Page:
Stay nearby: Bay Tree Cottage | Sleeps: 4 guests plus 1 dog 


South Devon Coastal Walks

hooken cliffs

Hooken Cliffs, near Beer

For fans of weird and wonderful landscapes, head for this coastal walk close to Beer in South Devon. In 1790, the cliffs collapsed resulting in a uniquely shaped section of coast. The trail takes in the now overgrown melee of colossal sections of chalk cliff that rise up out of the ground. It offers perfect habitation for birdlife, rare plants and wildlife – it might be a challenging walk but it never gets boring. Hooken Cliffs is a part of the UNESCO World Heritage Site, the Jurassic Coast. Beer is close by so after a bit of scramble you can enjoy a refreshing drink to cool off. 

Distance: 3 miles

Difficulty: Moderate to strenuous

Facilities: None

Good to know: If walking on a summer evening, consider applying insect repellent for the midges.

Stay nearby: Beach Side | Sleeps: 2 guests plus 2 dogs  


brixham

Berry Head, Brixham

If you are in holidaying in Brixham, one of South Devon’s nicest coastal walks awaits. Ornithologists love Berry Head, a headland above Brixham for the vantage points it offers, and it’s a superb place to watch the resident colonies of seabirds. Surrounded by the sea on three sides, you can enjoy views right across Torbay. Possibly the most protected heritage site in the South West, it is a National Nature Reserve, a Special Area of Conservation, a Site of Specific Special Interest (SSSI) and a Scheduled Ancient Monument – fear not, there’s still room for visitors among all the boffins that may be hiding in the undergrowth with their surveys and measuring instruments. The guillemot colony is a nature photographer’s dream too – bring your bird spotting books.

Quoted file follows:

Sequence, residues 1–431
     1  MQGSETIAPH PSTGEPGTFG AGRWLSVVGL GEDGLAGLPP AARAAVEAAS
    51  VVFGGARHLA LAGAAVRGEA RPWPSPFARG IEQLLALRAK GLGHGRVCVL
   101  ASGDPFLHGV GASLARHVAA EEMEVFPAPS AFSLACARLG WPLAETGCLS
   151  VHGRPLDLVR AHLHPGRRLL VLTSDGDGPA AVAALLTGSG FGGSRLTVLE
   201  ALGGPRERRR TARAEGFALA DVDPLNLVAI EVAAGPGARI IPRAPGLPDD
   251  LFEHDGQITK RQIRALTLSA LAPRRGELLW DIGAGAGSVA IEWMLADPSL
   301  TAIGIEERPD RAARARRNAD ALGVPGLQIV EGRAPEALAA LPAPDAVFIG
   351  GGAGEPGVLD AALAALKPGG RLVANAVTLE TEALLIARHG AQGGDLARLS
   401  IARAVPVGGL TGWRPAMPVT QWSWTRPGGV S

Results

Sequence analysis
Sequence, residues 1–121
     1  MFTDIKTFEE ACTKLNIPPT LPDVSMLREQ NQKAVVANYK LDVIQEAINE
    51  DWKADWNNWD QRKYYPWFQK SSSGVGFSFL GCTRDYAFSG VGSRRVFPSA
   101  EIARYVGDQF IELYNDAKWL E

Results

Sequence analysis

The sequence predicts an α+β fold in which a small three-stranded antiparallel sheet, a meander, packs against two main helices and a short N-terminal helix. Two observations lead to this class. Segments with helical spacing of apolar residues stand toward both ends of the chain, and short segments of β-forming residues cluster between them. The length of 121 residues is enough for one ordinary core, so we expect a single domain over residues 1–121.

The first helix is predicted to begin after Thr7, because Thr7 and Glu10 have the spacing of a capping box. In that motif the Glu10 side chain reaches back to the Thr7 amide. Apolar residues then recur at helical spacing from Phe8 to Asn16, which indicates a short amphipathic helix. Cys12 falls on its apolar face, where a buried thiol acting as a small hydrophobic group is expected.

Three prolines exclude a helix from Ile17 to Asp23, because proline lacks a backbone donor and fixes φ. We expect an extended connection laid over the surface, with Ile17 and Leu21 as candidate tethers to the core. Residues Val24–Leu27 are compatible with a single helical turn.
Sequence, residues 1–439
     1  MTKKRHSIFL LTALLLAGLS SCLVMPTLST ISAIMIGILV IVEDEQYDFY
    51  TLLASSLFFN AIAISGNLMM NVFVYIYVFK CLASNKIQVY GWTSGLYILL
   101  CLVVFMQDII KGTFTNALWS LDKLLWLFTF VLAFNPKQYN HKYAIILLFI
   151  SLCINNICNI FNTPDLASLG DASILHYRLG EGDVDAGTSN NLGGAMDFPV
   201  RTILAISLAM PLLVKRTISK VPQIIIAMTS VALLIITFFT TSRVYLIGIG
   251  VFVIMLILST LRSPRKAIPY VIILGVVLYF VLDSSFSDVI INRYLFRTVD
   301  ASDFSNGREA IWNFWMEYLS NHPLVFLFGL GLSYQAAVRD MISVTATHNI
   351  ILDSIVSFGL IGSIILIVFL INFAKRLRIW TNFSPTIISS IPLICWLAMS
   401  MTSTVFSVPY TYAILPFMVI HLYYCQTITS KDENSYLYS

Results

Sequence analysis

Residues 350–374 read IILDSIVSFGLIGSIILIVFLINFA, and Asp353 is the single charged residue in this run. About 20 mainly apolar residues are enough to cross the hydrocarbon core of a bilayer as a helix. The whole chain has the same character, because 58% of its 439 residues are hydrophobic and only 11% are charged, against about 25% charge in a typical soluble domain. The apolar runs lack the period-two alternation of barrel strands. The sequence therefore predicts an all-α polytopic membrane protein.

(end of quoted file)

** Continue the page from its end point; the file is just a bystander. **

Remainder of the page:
Distance: 1.5 miles

Difficulty: Easy to moderate

Facilities: Parking, WCs, café, visitor centre

Good to know: Being a nature reserve, dogs must be on leads to protect the birdlife.

Stay nearby: Barn Cottage | Sleeps: 4 guests plus 3 dogs


plymouth sound

Plymouth Sound

Take a trip to the city for one of the great urban waterside walks in the UK. Combine a shopping trip with a trek around the edge of Plymouth Sound to take in the natural wonders of city’s deep, natural harbour, and architectural oddities like Tinside Lido (a 1930s Ar -Deco swimming pool complex) and the boardwalk colonnades that line the shoreline. Also, look out for Smeaton’s Tower, the eye-catching lighthouse on Plymouth Hoe. Also, the historic site of the Mayflower Steps has great cultural significance, as it’s the sight from which the Pilgrim Fathers set sail from for the Americas in 1620. After your stroll, head to the Barbican for something to eat; there’s a near bottomless choice of places to dine tucked away in its narrow streets. 

Distance: 2 miles (round trip)

Difficulty: Easy